I have odd-shaped feet, but Brook's Adrenaline shoes in EE width seem to accommodate my overly wide forefoot with mismatched, narrow heel. I was skeptical about trying a shoe that didn't come in width sizing. I was pleasantly surprised. Going up a half-size in order to compensate for width has, in past, resulted in slippage either just in the back or of my whole foot within the shoe. However, the unique design and lacing pattern of the Green Silence seemed to wrap my foot and eliminate the slipping. There was also an extra eye-hole to help secure my heel. Happy with the fit, I made the purchase. Thanks Don and Gillian!

Of course, the real test would be on the run. The soles of these shoes are almost completely flat so their use would be relegated to roads and relatively smooth trails. My plan for the day called for 4 miles of road and 6 on soft dirt and gravel paths. I was happy to find that my custom orthotics fit the shoes just fine without altering their extremely light and flexible they feel. Overall, the shoes performed great and I experienced no pain in either my feet or joints during the run. This was especially surprising because previous attempts to use a more neutral shoe caused some knee pain on my right side.

For someone used to a "support" shoe, it seems a little strange that this "racing flat" would work better than a shoe which originated as a spin off of my usual model. I haven't run enough in these to come to any solid conclusions, but I believe it has to do with the midsole height. The Green Silence has the lowest midsole (18mm heel, 10mm toe) as well as the smallest heel-to-toe ratio (8mm offset) of any shoe in Brook's line. Though I have no science to back this up, its possible this low-to-the-ground design doesn't give my foot as much space to overpronate through its range of motion. Having less cushioning also keeps me from striking too hard on my heel. It felt a little bit like barefoot running.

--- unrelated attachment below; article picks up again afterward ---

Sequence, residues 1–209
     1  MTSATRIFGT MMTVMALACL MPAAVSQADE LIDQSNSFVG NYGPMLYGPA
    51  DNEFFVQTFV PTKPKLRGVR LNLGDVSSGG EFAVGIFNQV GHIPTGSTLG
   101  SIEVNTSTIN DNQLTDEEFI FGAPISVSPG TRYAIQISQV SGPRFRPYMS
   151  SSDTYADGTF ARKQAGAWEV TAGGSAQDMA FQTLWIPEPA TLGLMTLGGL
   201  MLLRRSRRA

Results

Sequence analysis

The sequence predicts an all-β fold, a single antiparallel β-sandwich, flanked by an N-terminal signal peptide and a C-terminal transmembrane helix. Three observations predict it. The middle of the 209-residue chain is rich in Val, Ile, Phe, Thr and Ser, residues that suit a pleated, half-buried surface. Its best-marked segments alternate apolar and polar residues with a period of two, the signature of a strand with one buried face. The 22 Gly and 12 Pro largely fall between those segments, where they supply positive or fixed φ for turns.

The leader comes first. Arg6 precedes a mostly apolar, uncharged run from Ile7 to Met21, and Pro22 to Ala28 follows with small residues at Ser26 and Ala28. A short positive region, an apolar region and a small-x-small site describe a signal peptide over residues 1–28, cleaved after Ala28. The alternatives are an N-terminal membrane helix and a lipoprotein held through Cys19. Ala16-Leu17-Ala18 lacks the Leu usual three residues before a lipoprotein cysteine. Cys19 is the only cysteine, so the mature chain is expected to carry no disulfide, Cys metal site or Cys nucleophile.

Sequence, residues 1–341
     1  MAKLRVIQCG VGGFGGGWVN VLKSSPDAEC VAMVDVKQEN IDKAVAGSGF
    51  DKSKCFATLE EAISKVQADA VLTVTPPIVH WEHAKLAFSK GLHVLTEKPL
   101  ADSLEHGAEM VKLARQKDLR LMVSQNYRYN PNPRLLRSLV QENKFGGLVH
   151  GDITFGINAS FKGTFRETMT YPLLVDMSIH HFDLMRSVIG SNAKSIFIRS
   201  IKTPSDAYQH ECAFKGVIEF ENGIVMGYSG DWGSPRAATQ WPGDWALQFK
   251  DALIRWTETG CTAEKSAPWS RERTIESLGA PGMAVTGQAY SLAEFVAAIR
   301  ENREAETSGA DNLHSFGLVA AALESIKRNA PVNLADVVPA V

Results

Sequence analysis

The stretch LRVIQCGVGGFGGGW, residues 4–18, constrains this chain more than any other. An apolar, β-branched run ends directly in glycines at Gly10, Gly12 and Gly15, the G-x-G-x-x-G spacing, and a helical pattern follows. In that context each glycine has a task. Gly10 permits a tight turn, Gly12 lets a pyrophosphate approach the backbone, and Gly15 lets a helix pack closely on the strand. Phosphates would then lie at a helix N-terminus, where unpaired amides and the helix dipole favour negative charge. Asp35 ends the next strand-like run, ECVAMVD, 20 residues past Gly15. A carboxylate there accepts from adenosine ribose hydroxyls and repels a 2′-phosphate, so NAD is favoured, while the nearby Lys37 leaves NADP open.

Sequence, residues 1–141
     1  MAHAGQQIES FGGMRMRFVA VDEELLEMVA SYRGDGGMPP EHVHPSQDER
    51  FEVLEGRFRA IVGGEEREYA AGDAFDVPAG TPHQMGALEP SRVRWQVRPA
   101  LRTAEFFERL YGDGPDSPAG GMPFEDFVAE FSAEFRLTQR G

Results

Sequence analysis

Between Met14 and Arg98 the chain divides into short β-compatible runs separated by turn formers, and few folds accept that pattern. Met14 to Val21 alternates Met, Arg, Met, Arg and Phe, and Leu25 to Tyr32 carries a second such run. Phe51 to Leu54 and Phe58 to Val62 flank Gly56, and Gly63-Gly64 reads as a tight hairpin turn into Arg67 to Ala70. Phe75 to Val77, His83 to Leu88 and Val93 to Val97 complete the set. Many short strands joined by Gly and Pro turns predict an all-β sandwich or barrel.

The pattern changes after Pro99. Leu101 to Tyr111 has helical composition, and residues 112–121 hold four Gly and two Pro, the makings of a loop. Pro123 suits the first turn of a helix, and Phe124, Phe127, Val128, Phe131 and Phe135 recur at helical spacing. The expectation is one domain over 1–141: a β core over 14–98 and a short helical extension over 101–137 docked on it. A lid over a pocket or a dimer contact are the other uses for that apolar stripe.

I've done a bit of barefoot running and also used the Vibram Fivefingers in the past. While nice training tools, I doubt I will ever dispense with my trusted running shoes. Going barefoot does help toughen the feet and works all those supporting muscles. However, when I run sans shoes for more than 5-6 miles or for a few days in a row, my calves become incredibly tight. It's possible that I just need to build up more slowly, but my training is so time-limited as it is that I don't need any more reasons to limit my mileage. With the Green Silence I felt similar to how I feel after about 3-4 miles running barefoot when, actually, I'd run much longer than that.

In the end, I guess that one fact pretty much says it all: I had planned only 10 miles for the day, but ran more than 12 simply because it felt good and I wanted to keep going.

Sunday, January 03, 2010

Back and Forth